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Saturday, November 22, 2014

Malachi 1&2



Malachi (My Messenger) is the Scripture reading from the Jewish Bible this week.
This short book ends the Christian Old Testament and is the final book of the Prophets in the Jewish Bible (to be followed by “the Writings” which includes the wisdom literature and various other books). It is brief and probably set in the time after the Babylonian Exile, after the Temple was “rebuilt.” At this time, the Jews lived in the land of their ancestors, though many were still dispersed throughout the ‘nations’ (among Gentile). The once great kingdom of David had been reduced to a province in the Persian Empire. A nothing populated by nobodies…

The book is written as a dispute and contains many questions by both people and God. The fundamental problem is that for these Jews, God is apparently inactive. Herein lies the connection for contemporary readers. “Where is God? Does He even care? What is the point?” But however painful our laments, and however sincerely our abandonment issues are felt, in the end, they stir up a response from God which is, to say the least, uncomfortable!
1:1-5 The book begins with the chosen people asking, “How have You/God shown us love?” The knowledge that there is a history of salvation does not generate covenant faithfulness. “What have you done for me lately?” the People ask. [Do we not share such sentiments? How does the cross and resurrection of Jesus and the hope of eternal life inform our daily choices? Are we any different than those who have no hope? Are we noticeably more patient, joyful and peaceful?] The enemy who aided in Judah’s demise was Edom, but now Malachi says that God declares that this rival has been decimated, never to rise again as a nation. Edom, to become Idumea (where King Herod was from), is reduced to living in a desert waste and God declares they are never to rise again. [Judgment is rescue of God's people and destruction on God's enemies. Keep that in mind while you are choosing your affiliation.]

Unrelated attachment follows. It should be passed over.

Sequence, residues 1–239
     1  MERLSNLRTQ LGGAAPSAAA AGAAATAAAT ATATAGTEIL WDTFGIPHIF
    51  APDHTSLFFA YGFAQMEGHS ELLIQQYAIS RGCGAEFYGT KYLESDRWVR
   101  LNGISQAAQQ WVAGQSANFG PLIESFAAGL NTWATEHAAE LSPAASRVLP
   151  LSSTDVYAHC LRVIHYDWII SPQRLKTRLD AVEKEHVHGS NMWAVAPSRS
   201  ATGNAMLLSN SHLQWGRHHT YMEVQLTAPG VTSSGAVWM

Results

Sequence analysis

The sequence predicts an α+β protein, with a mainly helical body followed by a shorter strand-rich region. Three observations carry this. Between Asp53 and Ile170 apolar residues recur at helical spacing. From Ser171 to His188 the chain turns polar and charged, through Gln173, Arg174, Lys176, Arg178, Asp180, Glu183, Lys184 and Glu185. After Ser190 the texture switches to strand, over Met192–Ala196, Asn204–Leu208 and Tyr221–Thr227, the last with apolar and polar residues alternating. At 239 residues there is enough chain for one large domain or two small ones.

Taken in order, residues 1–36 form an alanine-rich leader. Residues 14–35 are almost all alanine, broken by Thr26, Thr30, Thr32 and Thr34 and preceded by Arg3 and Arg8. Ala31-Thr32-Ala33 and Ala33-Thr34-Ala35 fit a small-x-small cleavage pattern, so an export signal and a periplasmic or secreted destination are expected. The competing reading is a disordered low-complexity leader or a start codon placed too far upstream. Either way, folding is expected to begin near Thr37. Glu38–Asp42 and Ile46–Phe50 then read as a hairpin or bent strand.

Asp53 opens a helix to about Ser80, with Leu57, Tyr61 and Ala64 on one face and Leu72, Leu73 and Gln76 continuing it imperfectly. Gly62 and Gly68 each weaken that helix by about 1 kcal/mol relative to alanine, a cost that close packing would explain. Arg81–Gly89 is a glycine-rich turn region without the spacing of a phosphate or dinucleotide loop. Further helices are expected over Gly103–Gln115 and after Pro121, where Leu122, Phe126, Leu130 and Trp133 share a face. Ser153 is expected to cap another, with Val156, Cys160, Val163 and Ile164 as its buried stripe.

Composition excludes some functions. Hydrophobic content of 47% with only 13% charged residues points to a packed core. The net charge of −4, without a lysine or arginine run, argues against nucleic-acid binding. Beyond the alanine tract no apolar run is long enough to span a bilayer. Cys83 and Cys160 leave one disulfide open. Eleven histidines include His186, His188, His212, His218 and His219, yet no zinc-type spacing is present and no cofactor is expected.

1:6-15 is concerned with ancient priests and animal sacrifice. The plain reading is difficult for us in the 21st century. But a spiritual reading provides numerous insights. The People have asked where God’s love is. God responds, do not a father or a master deserve honor? Am I not your Father and Master? Where is my honor? [Remember, this is an honor culture. It is central to social interactions.]The dishonor is manifest in priests accepting blemished animals for sacrifice. In every age people are tempted to give God “the left overs” because God is not physically present. “Would you give this to your governors?,” He asks rhetorically. Of course the answer is no.
When Christians toss ten bucks in the basket after spending ten times that amount on a dinner the night before, is that not similar? Are our self-offerings to God not usually determined by other demands first? We skip church or Bible study, but go to work because “we have to.” The disrespect for God is something to which we have grown oblivious. God is first, said Jesus. For many of us, He does not even receive votes for the top twenty!